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5. september 2023

Ingar Holst

Eight facts about the two official Norwegian languages Bokmål and Nynorsk

One fact which is generally not reflected upon, not among Norwegians and not even among linguists, is that the two main official written forms of Norwegians, Bokmål and Nynorsk, by law taught in the compulsory education system, used in broadcasting and media, and in all governmental and local public administration, are both constructed languages. More precisely, they are (fact 1) a posteriori constructed controlled auxiliary languages, based on two different proportions of mixing on the one hand various Norwegian dialects and on the other hand Riksmål Norwegian, the only natural Norwegian language with a recognized written standard and a rich corpus of literature.

Do you like meatballs and potatoes with tiramisu and coffee for dessert? Bokmål and Nynorsk are meatballs, potatoes, tiramisu and coffee blended together in a mixmaster and served. You have no say over the blend ratio and you have to finish what lands on your plate. If you have ever wondered why Norwegians tend to express themselves poorly, it is for the same reason why most people do not choose to learn Esperanto over Italian, even if Esperanto is much simpler and much more regular: (fact 2) Bokmål or Nynorsk is nobody’s mother tongue. I recommend going to YouTube and listen to oratory leprechauns like the NATO Secretary General Jens Stoltenberg, the explorer Thor Heyerdahl, or any Norwegian industrial or political leader as illustrations of to what degree Norwegians are generally inept at expressing themselves.

While there is a standardized way of pronouncing Riksmål Norwegian, nobody speaks Bokmål or Nynorsk (fact 3). Norwegians will speak their local dialect and then make more or less successful attempts of adhering to the ever shifting grammatical and orthographic rules of either Bokmål or Nynorsk.

While it has over time dawned upon the educational authorities that deciding spelling and grammar of a nation’s official language by taking a vote in political assemblies is not conducive to public literacy, as opposed to guiding students to discover and adhere to the conventions that may be deduced from published literature, what is correct spelling and grammar of Bokmål and Nynorsk is decided by committees appointed by the Norwegian parliament (fact 4). When Bokmål changed from a German way of counting (one and twenty, two and twenty) to an English way of counting (twenty one, twenty two), this decision was even made by a vote in the parliament itself in 1950.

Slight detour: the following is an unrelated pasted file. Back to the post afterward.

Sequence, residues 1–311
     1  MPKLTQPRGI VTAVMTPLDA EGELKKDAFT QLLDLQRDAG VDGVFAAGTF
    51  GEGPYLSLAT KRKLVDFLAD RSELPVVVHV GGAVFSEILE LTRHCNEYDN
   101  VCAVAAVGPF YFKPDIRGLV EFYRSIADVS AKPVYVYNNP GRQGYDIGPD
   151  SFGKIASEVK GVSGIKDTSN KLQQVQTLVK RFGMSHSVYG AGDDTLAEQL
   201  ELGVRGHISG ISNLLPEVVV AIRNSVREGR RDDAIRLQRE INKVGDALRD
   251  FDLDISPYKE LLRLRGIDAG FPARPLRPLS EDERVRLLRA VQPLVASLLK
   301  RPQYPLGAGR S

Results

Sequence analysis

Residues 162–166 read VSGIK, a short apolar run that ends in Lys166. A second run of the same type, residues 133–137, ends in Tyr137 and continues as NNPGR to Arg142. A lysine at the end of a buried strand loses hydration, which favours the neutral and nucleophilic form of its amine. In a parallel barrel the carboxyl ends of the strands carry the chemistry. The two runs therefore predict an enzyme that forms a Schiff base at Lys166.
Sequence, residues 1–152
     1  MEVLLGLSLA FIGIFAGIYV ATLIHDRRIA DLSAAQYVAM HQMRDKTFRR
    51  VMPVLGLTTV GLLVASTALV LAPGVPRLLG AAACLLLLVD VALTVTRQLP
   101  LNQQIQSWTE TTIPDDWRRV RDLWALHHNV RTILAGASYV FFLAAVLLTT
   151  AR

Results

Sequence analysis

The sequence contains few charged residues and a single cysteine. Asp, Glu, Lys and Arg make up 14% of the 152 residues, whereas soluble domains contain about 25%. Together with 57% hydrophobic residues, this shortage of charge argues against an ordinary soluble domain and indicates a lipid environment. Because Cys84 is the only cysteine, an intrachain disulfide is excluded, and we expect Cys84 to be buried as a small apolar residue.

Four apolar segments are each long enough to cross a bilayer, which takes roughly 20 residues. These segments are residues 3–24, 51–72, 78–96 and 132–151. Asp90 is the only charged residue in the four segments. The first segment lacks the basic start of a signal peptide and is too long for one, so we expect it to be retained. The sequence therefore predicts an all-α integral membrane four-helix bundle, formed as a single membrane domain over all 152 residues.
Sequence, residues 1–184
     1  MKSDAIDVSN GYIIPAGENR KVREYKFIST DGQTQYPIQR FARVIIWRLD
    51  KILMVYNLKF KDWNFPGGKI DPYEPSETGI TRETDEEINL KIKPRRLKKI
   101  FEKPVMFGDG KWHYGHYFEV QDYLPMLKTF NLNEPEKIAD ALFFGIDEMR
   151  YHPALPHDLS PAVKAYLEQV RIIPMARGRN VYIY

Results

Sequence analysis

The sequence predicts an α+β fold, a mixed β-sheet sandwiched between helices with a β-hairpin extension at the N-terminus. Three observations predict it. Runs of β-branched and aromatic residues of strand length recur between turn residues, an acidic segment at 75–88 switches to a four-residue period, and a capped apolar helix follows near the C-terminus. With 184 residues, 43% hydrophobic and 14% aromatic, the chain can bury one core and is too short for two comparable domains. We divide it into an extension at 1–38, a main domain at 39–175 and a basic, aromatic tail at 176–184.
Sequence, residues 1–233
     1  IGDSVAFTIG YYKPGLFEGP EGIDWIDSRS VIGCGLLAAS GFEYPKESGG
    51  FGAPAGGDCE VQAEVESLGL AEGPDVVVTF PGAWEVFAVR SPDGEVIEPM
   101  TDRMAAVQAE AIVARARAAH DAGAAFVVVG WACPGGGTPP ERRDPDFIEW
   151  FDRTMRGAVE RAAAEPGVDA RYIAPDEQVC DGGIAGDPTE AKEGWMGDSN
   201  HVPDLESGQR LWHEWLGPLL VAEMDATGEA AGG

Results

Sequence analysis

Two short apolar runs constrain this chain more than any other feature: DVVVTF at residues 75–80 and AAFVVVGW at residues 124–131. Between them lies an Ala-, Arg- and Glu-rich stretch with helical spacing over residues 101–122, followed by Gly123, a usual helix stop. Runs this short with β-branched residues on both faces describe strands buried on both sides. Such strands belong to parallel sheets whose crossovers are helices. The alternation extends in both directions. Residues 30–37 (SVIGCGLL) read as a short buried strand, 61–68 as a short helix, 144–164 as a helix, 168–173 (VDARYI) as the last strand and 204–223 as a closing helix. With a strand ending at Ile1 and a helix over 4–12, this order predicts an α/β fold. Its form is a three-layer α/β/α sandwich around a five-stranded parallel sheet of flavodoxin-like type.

This was in no way a one-off accident. A parliamentary appointed committee has later in its wisdom changed the spelling of expressions like “1/3” and “1/5” from the previous “one third part” (en tredjedel) and “one fifth part” (en femtedel) to become “one three part” (en tredel) and “one five part” (en femdel).

Why? Because it was thought to be simpler and easier. Bokmål is simplified Eastern Norwegian and Nynorsk is simplified Western Norwegian (fact 5). The proper Eastern Norwegian language is for all practical purposes Riksmål Norwegian. Riksmål is my mother tongue, which we spoke at home, and which my mother and her parents spoke and wrote.

Alterations to the spelling and grammar of Norwegian is a frequent occurrence (fact 6). When I went to school, The Caspian Sea was called “Det kaspiske hav”. Nowadays it is supposed to be “Kaspihavet”. When my parents went to school, France was spelled “Frankrige”, now it is spelled “Frankrike”. When my grandparents went to school, the country Turkey was spelled “Tyrkiet”, and now it is spelled “Tyrkia” (they changed the friggin grammatical gender of the country from neuter to feminine).

During the decade I spent at the University of Oslo, I commuted on a subway line that was variously called the Sognsvann Line, the Sognsvatn Line and the Soknsvatn Line. The name changed back and forth four times during those ten years according to whether the Conservatives or Labor sat at the helm in the Oslo city council. They did this to annoy each other. The first generation Pakistanis who habitually chauffeured the subway cars never stood a chance of announcing the line name correctly, and oh yes, they changed the name of the stations too whenever and wherever they could. A Labor city council once removed one i in “Riis” station, which is situated in a strongly conservative-leaning constituency. The affronted outcries from the mostly elderly electorate in that constituency did not fail to materialize, and an octogenarian in a letter to the editor threaten to emigrate if the station did not get its former name back.

To add insult to injury, if you work in the public sector and do not keep up with the current spelling, you violate the terms of employment and may be fired (fact 7). I know this from personal experience after having worked a brief one year stint in the Royal Ministry of Education in the 1980s.

Still not confused? Generations of Norwegians have embraced Sir Alec Issigonis’ saying: “A camel is a horse designed by a committee”. The two official written norms of Norwegian are camels, not horses (fact 8). They get their points across slowly, dryly, and you do get a sore ass. This is why Norwegians tend to choose the desert route when embarking upon any sizable project (recent public scandals include a new railroad line and a new hospital data system) and tend to drink barrels when finally reaching a waterhole (check out how downtown Oslo turns into a naval battle every Saturday evening).